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Welcome to Stampy's Wiki, a volunteer effort to build an interactive FAQ about Artificial Intelligence existential safety—which is the field trying to make sure that when we build superintelligent artificial systems they are aligned with human values so that they do the kinds of things we would like them to do.

We're still in alpha, so you can't yet talk to Stampy to interact with the FAQ, but if you want to help out we could always use more contributors! If you're interested in guiding or contributing to the project you're welcome to drop by the Discord and talk with us about it (let plex#1874 or the wiki team know if you want to help and need an invite).

Answers which have lots of stamps are displayed on this tab. Browse tags or good questions

I'm interested in working on AI Safety, what should I do?

AI Safety Support offers free calls to advise people interested in a career in AI Safety, so that's a great place to start. We're working on creating a bunch of detailed information for Stampy to use, but in the meantime check out these resources:

This is actually an active area of AI alignment research, called "Impact Measures"! It's not trivial to formalize in a way which won't predictably go wrong (entropy minimization likely leads to an AI which tries really hard to put out all the stars ASAP since they produce so much entropy, for example), but progress is being made. You can read about it on the Alignment Forum tag, or watch Rob's videos Avoiding Negative Side Effects and Avoiding Positive Side Effects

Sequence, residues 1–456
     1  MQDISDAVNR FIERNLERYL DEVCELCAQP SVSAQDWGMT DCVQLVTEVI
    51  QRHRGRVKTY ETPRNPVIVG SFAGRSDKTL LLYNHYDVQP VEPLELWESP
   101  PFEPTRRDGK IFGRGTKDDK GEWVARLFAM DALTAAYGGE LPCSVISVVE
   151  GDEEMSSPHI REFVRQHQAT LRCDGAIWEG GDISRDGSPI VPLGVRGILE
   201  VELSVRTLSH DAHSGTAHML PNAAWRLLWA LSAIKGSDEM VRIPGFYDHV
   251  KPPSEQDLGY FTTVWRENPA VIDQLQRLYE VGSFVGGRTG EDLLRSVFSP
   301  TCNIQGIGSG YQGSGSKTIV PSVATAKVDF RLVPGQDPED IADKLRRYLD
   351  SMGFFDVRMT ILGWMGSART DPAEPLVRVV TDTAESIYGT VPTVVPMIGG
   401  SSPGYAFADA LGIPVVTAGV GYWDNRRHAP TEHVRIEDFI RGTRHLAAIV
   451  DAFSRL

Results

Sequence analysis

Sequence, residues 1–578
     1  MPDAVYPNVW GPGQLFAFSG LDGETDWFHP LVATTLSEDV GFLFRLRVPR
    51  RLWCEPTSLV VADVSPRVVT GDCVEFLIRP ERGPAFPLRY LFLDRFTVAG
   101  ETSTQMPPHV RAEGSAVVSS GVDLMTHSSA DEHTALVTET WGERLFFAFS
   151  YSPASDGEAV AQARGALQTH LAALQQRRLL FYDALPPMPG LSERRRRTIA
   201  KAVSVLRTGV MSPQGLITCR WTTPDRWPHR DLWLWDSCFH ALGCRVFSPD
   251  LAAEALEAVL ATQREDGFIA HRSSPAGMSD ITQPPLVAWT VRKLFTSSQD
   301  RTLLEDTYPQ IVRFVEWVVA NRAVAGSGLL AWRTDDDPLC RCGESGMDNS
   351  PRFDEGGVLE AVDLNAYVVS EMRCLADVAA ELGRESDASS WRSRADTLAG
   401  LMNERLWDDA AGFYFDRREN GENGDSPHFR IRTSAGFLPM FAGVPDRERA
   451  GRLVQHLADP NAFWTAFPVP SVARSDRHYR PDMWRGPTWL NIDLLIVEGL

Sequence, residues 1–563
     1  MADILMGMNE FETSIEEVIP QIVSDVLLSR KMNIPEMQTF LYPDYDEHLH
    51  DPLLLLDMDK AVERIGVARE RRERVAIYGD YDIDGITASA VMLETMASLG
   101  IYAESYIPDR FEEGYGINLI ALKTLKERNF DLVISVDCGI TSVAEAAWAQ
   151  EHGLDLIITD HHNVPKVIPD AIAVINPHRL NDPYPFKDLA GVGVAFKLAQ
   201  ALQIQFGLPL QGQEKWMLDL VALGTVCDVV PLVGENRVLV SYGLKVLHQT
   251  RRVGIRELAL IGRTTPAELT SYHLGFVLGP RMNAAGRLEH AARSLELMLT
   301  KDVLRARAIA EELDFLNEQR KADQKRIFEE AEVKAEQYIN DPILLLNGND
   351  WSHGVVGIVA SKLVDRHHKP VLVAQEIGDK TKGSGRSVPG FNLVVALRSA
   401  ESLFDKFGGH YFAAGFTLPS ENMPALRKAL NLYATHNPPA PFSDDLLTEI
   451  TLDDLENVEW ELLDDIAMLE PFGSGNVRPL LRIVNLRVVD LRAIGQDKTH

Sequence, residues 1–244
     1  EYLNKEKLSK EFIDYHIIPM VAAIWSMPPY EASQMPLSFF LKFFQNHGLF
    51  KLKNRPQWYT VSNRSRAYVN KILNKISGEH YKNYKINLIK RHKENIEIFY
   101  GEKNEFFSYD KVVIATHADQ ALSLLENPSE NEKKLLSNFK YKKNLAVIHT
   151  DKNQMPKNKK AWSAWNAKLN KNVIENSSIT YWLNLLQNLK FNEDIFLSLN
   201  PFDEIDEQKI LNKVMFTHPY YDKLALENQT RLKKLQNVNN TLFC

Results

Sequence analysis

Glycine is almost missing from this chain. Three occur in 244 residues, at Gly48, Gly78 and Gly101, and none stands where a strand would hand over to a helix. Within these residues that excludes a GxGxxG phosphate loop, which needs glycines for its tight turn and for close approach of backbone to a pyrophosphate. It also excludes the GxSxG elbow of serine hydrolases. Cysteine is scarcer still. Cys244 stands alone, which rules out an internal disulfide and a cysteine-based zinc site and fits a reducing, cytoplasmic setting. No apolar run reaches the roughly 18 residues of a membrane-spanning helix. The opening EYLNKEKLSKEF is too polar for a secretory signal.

If the AI system was deceptively aligned (i.e. pretending to be nice until it was in control of the situation) or had been in stealth mode while getting things in place for a takeover, quite possibly within hours. We may get more warning with weaker systems, if the AGI does not feel at all threatened by us, or if a complex ecosystem of AI systems is built over time and we gradually lose control.

Paul Christiano writes an story of alignment failure which shows a relatively fast transition.

In previous decades, AI research had proceeded more slowly than some experts predicted. According to experts in the field, however, this trend has reversed in the past 5 years or so. AI researchers have been repeatedly surprised by, for example, the effectiveness of new visual and speech recognition systems. AI systems can solve CAPTCHAs that were specifically devised to foil AIs, translate spoken text on-the-fly, and teach themselves how to play games they have neither seen before nor been programmed to play. Moreover, the real-world value of this effectiveness has prompted massive investment by large tech firms such as Google, Facebook, and IBM, creating a positive feedback cycle that could dramatically speed progress.

The organizations which most regularly give grants to individuals working towards AI alignment are the Long Term Future Fund, Survival And Flourishing (SAF), the OpenPhil AI Fellowship, and the Center on Long-Term Risk Fund though there are opportunities from smaller grantmakers which you might be able to pick up if you're able to prove you do good work. If you're able to relocate to the UK, CEEALAR (aka the EA Hotel) can be a great option as it offers free food and accommodation for up to two years, as well as contact with others who are thinking about these issues.

Each grant source has their own criteria for funding, but in general they are looking for candidates who have evidence that they're keen and able to do good work towards reducing existential risk, though the EA Hotel in particular has less stringent requirements as they're able to support people at very low cost. If you'd like to talk to someone who can offer advice on applying for funding, AI Safety Support offers free calls.

Another option is to get hired by an organization which works on AI alignment, see the follow-up question for advice on that.

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Many AI designs that would generate an intelligence explosion would not have a ‘slot’ in which a goal (such as ‘be friendly to human interests’) could be placed. For example, if AI is made via whole brain emulation, or evolutionary algorithms, or neural nets, or reinforcement learning, the AI will end up with some goal as it self-improves, but that stable eventual goal may be very difficult to predict in advance.